Bel Canto will probably be the most charming and endearing hostage crisis movie I’ll see this year.
Viewers unfamiliar with the real life incident the 1996-1997 Lima Crisis will likely have very different expectations for how the film will play out. The actual event saw Túpac Amaru Revolutionary Movement seize a Japanese ambassador’s party and take hundreds of hostages in exchange for the release of their compatriots.
Director/co-writer Paul Weitz and co-writer Anthony Weintraub adapt Ann Patchett’s best-selling 2001 novel. It’s easy to see why the book has become so beloved and acclaimed over the years thanks to the mix of eclectic and interesting characters.
Among the hostages is Japanese business mogul Katsumi Hosokawa (Ken Watanabe, Godzilla); his translator Gen (Ryo Kase); French ambassador Simon Thibault (Christopher Lambert, Kickboxer: Retaliation) and diva opera singer Roxane Cross (Julianne Moore, Still Alice). The terrorists, including Comandante Benjamin (Tenoch Huerta) are portrayed with greater depth and allowed to be more than one-note stereotypes. That’s obvious in the subplot focusing on the budding romance of terrorist Carmen (María Mercedes Coroy) and Gen.
Coroy and Kase convey their characters’ growing interest and are in many ways the heart of the film. They deliver some of the film’s best performances. I’m a big fan of Moore as she has a certain warmth and grace that she instills into each role.
An unavoidable aspect of the film is that Moore is not a classically trained opera singer. Renée Fleming provides the vocals while Moore lip syncs. The effort is clearly there, but it’s not quite convincing enough to sell the illusion in some of the film’s biggest moments.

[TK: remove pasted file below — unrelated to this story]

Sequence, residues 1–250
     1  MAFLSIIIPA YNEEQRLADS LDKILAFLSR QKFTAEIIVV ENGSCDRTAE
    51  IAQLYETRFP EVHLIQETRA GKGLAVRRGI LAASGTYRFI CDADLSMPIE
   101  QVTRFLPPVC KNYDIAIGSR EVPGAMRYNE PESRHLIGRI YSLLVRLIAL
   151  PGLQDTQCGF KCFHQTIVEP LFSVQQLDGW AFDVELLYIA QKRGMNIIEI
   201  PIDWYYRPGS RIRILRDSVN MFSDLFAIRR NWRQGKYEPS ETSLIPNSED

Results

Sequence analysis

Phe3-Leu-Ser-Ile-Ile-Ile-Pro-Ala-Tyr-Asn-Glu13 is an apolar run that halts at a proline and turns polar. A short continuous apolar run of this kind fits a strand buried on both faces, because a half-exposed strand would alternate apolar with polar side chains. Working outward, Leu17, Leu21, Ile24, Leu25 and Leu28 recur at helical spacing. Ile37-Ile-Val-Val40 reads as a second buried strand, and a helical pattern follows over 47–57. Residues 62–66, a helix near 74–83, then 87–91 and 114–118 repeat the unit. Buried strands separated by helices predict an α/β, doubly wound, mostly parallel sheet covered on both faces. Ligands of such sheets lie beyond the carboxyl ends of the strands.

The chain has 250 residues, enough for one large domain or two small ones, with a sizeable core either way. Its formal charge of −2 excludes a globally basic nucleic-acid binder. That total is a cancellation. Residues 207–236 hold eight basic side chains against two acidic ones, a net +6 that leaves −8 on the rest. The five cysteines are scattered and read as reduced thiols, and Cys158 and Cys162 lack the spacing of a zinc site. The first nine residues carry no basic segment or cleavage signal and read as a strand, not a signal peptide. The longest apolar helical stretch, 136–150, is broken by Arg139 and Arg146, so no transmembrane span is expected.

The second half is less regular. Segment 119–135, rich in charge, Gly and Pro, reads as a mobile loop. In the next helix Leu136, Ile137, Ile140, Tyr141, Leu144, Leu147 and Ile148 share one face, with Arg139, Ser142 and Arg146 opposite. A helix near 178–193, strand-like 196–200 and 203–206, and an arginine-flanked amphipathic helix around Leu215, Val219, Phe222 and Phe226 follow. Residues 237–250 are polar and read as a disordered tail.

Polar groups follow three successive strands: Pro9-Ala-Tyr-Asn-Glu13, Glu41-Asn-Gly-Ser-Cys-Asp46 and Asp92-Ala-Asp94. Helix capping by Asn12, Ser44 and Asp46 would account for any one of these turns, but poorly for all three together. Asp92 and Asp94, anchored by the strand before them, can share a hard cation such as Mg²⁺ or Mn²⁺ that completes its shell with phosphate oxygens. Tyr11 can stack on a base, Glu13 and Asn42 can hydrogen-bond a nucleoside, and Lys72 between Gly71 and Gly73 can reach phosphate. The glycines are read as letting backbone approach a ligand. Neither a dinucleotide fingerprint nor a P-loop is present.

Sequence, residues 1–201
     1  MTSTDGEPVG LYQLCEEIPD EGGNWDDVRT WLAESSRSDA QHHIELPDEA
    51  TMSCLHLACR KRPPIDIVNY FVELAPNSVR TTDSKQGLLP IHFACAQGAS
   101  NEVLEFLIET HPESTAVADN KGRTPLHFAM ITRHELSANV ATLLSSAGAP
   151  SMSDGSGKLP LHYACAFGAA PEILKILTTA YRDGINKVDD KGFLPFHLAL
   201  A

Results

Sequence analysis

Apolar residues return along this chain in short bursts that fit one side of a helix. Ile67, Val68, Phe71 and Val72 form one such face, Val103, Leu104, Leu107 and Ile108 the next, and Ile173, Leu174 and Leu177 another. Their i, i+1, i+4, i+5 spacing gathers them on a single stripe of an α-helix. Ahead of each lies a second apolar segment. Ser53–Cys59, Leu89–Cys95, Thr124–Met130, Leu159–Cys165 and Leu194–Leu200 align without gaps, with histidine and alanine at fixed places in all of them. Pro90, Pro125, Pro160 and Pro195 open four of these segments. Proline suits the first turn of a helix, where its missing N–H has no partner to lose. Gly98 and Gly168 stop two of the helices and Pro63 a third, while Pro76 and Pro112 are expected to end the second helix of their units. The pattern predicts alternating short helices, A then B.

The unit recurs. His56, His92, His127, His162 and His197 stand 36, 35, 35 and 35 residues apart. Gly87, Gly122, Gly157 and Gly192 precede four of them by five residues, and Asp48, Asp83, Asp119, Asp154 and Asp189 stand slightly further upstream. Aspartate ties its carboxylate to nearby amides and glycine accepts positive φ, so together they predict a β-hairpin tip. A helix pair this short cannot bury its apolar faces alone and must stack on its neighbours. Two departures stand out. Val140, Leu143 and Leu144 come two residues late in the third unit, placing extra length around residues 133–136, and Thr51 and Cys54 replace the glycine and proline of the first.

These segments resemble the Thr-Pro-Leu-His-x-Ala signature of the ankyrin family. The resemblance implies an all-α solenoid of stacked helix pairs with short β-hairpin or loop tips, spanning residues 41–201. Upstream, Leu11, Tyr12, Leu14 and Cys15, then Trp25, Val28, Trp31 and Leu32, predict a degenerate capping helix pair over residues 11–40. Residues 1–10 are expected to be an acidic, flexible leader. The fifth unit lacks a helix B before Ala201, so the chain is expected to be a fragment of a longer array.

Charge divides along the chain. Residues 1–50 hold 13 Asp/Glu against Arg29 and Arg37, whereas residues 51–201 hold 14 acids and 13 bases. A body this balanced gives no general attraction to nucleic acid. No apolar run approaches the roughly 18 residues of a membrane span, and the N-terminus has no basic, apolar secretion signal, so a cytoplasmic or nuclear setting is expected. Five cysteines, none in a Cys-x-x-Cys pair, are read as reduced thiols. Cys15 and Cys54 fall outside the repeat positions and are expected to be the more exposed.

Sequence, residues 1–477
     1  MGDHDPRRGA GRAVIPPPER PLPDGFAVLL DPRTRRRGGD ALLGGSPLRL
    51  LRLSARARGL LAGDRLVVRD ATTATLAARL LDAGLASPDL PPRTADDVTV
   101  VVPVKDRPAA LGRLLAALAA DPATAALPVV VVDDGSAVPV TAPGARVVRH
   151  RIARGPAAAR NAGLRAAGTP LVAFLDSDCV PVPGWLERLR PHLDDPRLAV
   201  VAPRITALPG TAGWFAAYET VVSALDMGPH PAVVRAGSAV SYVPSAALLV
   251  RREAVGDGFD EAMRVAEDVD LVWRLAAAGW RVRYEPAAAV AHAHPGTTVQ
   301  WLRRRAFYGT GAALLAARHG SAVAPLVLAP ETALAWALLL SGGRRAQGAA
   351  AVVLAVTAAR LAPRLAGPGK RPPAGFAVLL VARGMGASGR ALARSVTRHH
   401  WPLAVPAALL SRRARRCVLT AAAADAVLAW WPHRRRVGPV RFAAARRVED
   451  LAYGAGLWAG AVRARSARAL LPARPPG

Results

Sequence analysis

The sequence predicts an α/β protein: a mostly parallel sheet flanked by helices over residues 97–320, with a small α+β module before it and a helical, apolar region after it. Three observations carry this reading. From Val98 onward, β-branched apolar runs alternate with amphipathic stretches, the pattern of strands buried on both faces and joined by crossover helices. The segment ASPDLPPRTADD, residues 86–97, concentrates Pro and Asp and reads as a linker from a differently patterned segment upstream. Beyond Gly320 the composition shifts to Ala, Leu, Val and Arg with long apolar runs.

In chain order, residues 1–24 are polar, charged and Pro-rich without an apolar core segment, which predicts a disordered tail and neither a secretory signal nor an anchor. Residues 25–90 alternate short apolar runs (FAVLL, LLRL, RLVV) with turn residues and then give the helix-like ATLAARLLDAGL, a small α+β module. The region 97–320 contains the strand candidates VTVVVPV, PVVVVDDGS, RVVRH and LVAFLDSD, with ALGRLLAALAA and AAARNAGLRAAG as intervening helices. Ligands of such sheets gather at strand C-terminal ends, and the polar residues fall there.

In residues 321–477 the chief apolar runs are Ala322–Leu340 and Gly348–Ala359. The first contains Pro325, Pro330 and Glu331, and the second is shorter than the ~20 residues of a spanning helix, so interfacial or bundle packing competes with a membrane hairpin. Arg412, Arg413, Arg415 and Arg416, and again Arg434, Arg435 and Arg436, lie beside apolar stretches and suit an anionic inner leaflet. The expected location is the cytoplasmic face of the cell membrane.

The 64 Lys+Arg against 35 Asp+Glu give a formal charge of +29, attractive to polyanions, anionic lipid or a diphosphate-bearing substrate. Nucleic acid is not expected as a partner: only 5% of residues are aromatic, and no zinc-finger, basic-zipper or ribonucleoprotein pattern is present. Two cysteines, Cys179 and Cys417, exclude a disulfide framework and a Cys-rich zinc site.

Roxane has an interesting arc as she starts out self-absorbed and gradually begins to care about her fellow hostages and even the terrorists. The most intriguing is her connection to Katsumi despite their language barrier. Watanabe exudes a vintage movie star charisma and he’s always a commanding presence on screen even in a less nuanced role like Katsumi.
Weitz has an intimate, in the moment directing style that’s worked well in films like Admission, American Dreamz and About a Boy. Bel Canto retains much of his signature flavor with heartfelt moments in the midst of an extraordinarily chaotic event. This is a film that shines in those quiet spaces with characters. There’s not a lot of showy moments and despite the sometimes absurd nature of the situation, it feels authentic.
At times, the film is too charming and comfortable. The threats of violence lack the same punch as the invasion from the opening act. In making the terrorists more sympathetic Weitz diminishes their threat and leans more into a feel good story, which is a huge contrast as characters tote machine guns and work on their singing.
Sebastian Koch (Bridge of Spies) has one of the more engaging roles as Joachim Messner, the Swiss representative from the Red Cross. Messner is allowed to come in and out to check on the well being of the hostages. Fully aware of the nature of the circumstances, Messner foreshadows how this situation will ultimately play out.
That’s the real key. As the inevitable final act plays out, it carries more weight than expected. To some degree it’s due to Weitz having us buy in if even for just a moment that everything will work out OK. When reality sets in, it’s surprising how much he and his cast made those bonds and relationships feel alive.
Bel Canto gets pitchy at times, but it’s a strong character piece that warrants a box seat to take in this performance.
Rating: 7 out of 10
Photo Credit: Screen Media